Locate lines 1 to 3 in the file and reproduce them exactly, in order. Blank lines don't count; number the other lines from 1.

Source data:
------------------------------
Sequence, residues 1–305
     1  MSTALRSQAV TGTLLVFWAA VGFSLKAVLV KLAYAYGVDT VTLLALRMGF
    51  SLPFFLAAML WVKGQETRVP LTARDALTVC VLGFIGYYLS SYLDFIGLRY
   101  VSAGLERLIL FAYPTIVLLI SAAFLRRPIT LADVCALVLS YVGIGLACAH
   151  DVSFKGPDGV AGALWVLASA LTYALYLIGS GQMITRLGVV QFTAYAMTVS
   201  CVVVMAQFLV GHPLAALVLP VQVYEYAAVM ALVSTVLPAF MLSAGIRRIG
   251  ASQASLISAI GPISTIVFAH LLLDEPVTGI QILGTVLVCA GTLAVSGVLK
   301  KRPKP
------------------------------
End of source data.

Sequence, residues 1–305
     1  MSTALRSQAV TGTLLVFWAA VGFSLKAVLV KLAYAYGVDT VTLLALRMGF
    51  SLPFFLAAML WVKGQETRVP LTARDALTVC VLGFIGYYLS SYLDFIGLRY